Bangladesh v West Indies, 1st Test, Mirpur, 4th day November 16, 2012

Massive test awaits Bangladesh

In the past, Bangladesh have competed for parts of Test matches before folding. Can they avoid a familiar story on Saturday?

The fifth day's play of the Dhaka Test will be Bangladesh's second "final" of the year, but the cricket to be played on the final day against West Indies will have little resemblance to the other final held in March. In the last four days, the batsmen got them the first-innings lead and a late burst of wickets from the spinners on the fourth evening means Bangladesh still have a say in the proceedings. Such a position is not rare but they have often squandered it. To handle it properly, the Bangladesh team has to harness their talent with an attitude that combines pragmatism and creativity.

The most crucial phase will be when Bangladesh chase. Having posted their highest-ever score and crossed the 500-mark for the first time, the threat of free-fall is looming. The batting line-up has normally had calamitous second innings' after crossing the 400-mark in the past. The team's inaugural Test is a prime example while the same happened against Australia in Fatullah, against England in Dhaka and against New Zealand in Hamilton.

Also, out of the 13 times they have batted in the fourth innings of a Test, Bangladesh have been bowled out ten times. The batting worries multiply given the gap between Bangladesh's last Test and the current one, but they can take inspiration from the two times they fought to a draw by batting well on the final day and, of course, the three wins in their Test history.

The recent confidence is going to come from Tamim Iqbal's form and Naeem Islam's new-found doggedness, along with the batting that goes on till No. 8. But pessimistic Bangladesh fans would suggest that those who scored 62, 72, 89, 96 and 108 have already completed their quota of runs for the match, if not the series.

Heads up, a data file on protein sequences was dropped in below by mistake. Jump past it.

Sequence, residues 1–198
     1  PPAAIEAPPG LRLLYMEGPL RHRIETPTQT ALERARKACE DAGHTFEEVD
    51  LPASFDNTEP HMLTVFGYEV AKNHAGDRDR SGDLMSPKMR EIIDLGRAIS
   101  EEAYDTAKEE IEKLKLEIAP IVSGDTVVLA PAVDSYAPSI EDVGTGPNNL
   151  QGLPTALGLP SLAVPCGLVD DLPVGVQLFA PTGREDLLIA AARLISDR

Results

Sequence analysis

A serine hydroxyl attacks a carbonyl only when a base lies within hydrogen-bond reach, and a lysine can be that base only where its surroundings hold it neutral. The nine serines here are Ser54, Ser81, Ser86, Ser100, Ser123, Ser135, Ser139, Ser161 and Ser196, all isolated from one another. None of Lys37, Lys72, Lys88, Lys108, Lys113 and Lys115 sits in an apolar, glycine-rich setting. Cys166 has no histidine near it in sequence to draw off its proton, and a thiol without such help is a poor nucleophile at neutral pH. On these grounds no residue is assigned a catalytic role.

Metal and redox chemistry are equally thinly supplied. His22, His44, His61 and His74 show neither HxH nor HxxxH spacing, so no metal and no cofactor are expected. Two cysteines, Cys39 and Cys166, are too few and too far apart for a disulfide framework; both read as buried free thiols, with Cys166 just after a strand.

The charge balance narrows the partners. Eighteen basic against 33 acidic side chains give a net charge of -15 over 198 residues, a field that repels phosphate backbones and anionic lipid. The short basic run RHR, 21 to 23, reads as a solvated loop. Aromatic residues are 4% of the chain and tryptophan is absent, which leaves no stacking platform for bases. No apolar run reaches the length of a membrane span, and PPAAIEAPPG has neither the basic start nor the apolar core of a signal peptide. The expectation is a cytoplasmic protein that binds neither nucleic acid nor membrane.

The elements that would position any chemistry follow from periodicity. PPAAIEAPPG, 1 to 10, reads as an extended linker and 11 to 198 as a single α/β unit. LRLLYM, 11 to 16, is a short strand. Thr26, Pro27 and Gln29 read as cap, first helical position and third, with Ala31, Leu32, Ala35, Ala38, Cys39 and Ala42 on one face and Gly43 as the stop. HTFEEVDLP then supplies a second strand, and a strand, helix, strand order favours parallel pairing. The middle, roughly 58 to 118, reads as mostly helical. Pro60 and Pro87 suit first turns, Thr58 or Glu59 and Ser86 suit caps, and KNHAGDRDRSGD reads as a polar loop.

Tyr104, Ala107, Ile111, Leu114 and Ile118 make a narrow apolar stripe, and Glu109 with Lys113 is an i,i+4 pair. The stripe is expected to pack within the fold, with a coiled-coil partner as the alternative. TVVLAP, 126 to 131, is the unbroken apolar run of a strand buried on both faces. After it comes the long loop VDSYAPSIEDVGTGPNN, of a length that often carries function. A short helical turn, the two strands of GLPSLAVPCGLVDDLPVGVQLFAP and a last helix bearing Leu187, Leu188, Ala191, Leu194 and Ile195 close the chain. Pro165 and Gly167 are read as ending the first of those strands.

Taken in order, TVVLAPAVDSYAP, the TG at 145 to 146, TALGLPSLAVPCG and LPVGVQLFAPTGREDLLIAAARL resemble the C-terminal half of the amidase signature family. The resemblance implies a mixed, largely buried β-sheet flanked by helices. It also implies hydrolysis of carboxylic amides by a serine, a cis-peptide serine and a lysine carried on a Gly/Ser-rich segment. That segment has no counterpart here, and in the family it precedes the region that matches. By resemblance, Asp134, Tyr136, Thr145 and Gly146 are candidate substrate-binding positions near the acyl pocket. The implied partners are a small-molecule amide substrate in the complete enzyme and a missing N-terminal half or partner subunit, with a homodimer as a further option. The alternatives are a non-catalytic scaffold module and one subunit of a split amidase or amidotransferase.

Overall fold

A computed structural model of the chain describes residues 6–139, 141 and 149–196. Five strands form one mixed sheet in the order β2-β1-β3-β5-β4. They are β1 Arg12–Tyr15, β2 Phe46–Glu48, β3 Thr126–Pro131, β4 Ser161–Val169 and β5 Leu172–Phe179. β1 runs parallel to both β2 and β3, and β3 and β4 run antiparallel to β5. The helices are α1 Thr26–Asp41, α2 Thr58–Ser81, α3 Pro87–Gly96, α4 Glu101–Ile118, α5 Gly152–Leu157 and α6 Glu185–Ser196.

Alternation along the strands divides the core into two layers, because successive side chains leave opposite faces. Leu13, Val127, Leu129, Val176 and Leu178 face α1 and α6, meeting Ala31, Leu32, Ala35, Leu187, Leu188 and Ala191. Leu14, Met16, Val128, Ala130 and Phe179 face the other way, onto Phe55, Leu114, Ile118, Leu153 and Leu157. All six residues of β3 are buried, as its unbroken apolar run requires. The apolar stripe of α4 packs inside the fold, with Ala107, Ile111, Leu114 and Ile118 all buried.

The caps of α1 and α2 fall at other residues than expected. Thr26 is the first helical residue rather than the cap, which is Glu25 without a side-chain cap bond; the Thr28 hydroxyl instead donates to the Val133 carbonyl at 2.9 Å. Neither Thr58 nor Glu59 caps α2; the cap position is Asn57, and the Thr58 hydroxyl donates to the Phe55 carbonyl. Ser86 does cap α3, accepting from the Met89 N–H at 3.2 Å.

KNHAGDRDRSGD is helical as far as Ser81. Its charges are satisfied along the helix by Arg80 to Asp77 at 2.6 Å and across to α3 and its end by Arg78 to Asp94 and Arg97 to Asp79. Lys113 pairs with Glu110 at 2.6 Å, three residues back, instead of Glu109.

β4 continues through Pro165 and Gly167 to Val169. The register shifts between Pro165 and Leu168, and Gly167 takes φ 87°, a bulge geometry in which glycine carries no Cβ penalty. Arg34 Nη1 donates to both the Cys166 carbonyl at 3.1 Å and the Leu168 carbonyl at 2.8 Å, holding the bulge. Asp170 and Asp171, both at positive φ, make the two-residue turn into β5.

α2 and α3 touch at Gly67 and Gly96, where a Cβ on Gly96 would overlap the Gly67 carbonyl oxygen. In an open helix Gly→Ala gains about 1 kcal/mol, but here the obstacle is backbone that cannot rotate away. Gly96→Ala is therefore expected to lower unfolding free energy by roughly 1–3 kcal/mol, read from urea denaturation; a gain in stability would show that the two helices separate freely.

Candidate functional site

If Bangladesh acknowledge their trend of making few after plenty, they will apply a bit of pragmatism to their approach, especially if they have to bat out time to save the game. If however the chase is on, the batsmen must show maturity in adapting. They haven't done this in the past, so they have to be creative about chasing, and not just go after the bowling.

But before they go out to bat, the bowlers have to mop up the West Indies tail which is likely to include the ill Shivnarine Chanderpaul. The condition of the wicket would be crucial but it is unlikely to vary too much even though a few deliveries did burst through late on the fourth afternoon.

The old ball is expected to turn a lot, and that is where Mushfiqur Rahim has to take charge. Shakib Al Hasan and Sohag Gazi have bowled well in tandem so far, and the captain should press on with the spin duo in an all-out attempt to break the overnight partnership. But if he wants to settle for a draw, he will have to take the lead in ensuring the Bangladesh second innings starts as late in the day as possible (and then brace for criticism).

There are lessons too from that narrow defeat to Pakistan in the Asia Cup. Tamim had scored 60 but wasn't determined enough to turn it into a big score while there was agonisingly slow batting from Nazimuddin and Nasir Hossain. There was an assumption that when Tamim or Shakib Al Hasan are blazing away, the rest can sit back. It won't be the case on the fifth day when all eight frontline batsmen have to contribute to save or win against West Indies.

The selection panel has announced an unchanged side for the second Test in Khulna, but it shouldn't be the only encouragement for Junaid Siddique and Shahriar Nafees, or for Shahadat Hossain and Rubel Hossain. It is missing the percentages that often hamper Bangladesh's chances of winning, something they can't afford on Saturday.

Mohammad Isam is ESPNcricinfo's correspondent in Bangladesh

Comments have now been closed for this article

  • Derek on November 17, 2012, 10:17 GMT